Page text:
17 years after 9/11 and I am still surprised

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I have been writing a post about 9/11 every year. Maybe because 9/11 comes right around the Jewish High Holidays, I treat my archive of posts a little like a prayer book. I read my favorite – the first one – because it’s still incredible to me that I was at the World Trade Center when it fell.

I read some of the ones from the years right after that. The blog posts about the trauma of that day are also the posts that remind me of  the most intimate times with my Ex.

We were both changed people after that day. My Ex started a career in social justice. He risked his own safety to protest false imprisonment. We took in a young kid of a Palestinian activist who was on the run. I stopped being a reliable breadwinner and started writing career advice from my kitchen counter because I was too traumatized to go back to an office and have a career.

And we had kids.

That moment when I could not breathe. I am not clear, even today how long it was. It was long enough for me to have so many thoughts. First I thought to myself, I should have shut my mouth sooner. You have so much less time to live if your mouth is coated with rubble. Then I thought, I am not going to help the person who is touching my hand. I can barely help myself. Then I thought I am going to die. It’s okay. I’m okay to die. Then I thought, wait, I should die trying to live. I should just move or do something, anything, to find a place with air.

So then I started moving. In pitch dark. With no idea at any given moment what I was touching or standing on. And in all this, still, so many thoughts, an unbelievable number of thoughts, I also had my most vivid, memorable thoughts: That I am so disappointed I would not get to see my life unfold. I was so excited to start a family with my husband. I wanted to see what would happen.

Now I know: the gift of life is to get to be part of it. That’s all. It’s a joy to see what happens. The best story in the world.

But my story is not anything like I expected. I know this is true for everyone. But it’s still true. I am just so surprised. And — I feel guilty to say this — I am disappointed.

I am so grateful to have lived. Even 17 years later, I cry now. Remembering the feeling when I decided it was okay to die. I would be okay. That’s just how it is. You get that feeling. I know. I had it.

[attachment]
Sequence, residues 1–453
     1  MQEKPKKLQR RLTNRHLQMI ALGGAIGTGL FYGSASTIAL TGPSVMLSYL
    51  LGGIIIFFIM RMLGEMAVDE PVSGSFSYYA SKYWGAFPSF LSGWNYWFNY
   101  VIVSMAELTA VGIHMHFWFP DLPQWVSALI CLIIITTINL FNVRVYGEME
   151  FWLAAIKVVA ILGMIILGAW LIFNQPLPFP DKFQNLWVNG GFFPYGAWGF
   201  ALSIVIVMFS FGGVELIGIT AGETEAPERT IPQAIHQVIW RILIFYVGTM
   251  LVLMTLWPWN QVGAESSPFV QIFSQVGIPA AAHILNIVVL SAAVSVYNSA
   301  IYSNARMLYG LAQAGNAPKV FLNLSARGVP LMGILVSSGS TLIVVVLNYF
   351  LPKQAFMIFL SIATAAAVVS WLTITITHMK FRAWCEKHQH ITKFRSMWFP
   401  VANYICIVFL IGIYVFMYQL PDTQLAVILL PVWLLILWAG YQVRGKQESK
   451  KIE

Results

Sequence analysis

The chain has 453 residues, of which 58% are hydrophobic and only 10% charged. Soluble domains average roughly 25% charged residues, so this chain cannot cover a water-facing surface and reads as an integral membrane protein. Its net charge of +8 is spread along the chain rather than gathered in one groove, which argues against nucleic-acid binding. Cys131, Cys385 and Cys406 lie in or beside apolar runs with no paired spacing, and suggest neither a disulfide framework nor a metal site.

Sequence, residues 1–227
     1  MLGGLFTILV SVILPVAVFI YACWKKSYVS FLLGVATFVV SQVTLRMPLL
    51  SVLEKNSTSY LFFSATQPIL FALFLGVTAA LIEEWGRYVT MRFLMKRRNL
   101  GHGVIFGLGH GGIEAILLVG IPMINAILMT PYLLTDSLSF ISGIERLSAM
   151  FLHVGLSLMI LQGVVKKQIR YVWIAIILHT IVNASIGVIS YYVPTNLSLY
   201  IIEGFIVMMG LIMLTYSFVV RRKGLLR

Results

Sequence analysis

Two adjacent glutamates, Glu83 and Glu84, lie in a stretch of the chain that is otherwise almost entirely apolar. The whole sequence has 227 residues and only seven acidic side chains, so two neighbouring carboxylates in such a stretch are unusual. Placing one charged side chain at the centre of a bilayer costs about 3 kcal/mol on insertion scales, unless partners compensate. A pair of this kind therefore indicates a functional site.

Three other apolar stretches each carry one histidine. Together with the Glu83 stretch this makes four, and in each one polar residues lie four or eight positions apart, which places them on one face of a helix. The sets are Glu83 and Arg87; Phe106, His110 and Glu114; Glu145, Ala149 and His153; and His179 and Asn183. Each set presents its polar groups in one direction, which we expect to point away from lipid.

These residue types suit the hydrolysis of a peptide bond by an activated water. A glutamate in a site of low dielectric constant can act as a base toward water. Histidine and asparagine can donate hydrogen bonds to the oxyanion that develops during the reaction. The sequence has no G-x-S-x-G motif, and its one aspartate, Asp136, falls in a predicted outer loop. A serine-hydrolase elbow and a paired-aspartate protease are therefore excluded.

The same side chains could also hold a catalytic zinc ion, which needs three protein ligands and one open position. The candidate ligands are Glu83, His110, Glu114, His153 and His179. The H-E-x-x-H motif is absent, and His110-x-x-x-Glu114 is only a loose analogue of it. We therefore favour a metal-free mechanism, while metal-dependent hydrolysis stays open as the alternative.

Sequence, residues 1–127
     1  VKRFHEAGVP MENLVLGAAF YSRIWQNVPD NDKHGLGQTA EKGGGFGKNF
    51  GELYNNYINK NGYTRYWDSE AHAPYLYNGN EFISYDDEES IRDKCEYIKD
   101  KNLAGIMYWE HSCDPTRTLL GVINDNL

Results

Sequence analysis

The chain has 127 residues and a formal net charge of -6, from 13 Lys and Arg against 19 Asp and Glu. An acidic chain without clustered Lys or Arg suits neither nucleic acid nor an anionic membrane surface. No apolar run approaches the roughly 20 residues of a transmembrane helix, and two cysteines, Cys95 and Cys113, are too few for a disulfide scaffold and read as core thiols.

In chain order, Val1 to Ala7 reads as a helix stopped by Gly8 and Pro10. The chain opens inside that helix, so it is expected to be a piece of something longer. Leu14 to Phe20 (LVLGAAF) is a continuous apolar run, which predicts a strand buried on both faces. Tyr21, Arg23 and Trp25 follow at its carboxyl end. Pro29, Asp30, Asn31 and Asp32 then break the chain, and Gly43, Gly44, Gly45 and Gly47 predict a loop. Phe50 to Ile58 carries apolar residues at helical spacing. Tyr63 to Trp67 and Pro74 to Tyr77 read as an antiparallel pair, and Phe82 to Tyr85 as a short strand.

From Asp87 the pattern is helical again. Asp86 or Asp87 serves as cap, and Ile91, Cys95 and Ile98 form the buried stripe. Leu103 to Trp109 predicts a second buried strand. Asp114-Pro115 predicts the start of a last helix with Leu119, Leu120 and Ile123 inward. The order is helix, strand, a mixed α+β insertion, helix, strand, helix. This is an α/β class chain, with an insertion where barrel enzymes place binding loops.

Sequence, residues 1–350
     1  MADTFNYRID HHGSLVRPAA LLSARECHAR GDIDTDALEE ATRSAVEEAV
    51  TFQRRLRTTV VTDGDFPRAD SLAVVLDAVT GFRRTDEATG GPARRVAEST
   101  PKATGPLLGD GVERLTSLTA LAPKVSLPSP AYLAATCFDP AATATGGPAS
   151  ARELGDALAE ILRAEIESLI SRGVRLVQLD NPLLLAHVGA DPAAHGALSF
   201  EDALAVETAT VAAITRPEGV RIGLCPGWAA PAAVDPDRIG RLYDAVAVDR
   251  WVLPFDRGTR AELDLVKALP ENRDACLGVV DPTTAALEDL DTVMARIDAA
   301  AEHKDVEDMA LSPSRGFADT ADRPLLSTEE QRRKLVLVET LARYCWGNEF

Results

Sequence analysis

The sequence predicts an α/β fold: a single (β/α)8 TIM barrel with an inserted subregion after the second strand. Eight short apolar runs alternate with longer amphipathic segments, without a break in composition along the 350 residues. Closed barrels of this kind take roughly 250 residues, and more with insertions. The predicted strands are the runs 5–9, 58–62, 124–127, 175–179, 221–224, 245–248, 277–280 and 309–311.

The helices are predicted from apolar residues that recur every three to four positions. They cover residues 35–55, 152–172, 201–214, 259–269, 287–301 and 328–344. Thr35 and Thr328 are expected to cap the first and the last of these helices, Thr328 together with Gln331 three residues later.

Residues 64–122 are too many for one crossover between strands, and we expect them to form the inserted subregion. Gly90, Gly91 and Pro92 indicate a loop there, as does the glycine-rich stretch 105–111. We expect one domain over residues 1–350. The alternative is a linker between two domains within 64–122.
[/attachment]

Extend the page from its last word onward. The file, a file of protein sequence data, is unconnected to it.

I got to live. But I thought I would live a perfect little life. I didn’t realize it. I just guess I just assumed. I mean, I think everyone thinks that’s what they are missing when they die. I didn’t die, so I know what happens.

We take family pictures. For the boys. Because even though their dad only lives with us one week out of every five, the boys deserve to feel like a family.

I look at that picture and I think of 9/11. This family is what has emerged from 9/11. And it’s broken. And I’m sad. And I’m sad that I don’t feel more gratitude. I always imagined telling the boys about 9/11. I saved so many things. I saved books full of high-resolution photos. I saved the wastebasket I carried with me for miles and miles. I saved letters school children wrote to me after they read my story.

It’s good that my shirt and my shoes from that day are somewhere safe at the Smithsonian. Because this year I threw all the other stuff out. We are in a very small apartment in Swarthmore. And the move away from the farm was very difficult. We kept only what we wanted most of all. And what I want most of all is the family.

I wanted it most the day I thought I would die as well. So in that respect, not much has changed. I don’t want to talk to the boys about the details of 9/11. And to be honest, I don’t think they care. The remind me of me, when I was a kid, walking out of the room when someone started talking about Vietnam. Not because it was sad, but because it was annoying; grownups back then never could shut up about Vietnam.

My sons sense that 9/11 is an undertone to every memory, every photo tucked safely into the pages of an album. But my sons don’t need to look at pictures of the World Trade Center to remember it. We were a family during those early, raw years right after 9/11 and they ask all the time about what that was like.

Trauma is genetic. I have read that before. Now I understand how it happens. This is not how I imagined my life would unfold, but I still feel so lucky to be here for it.


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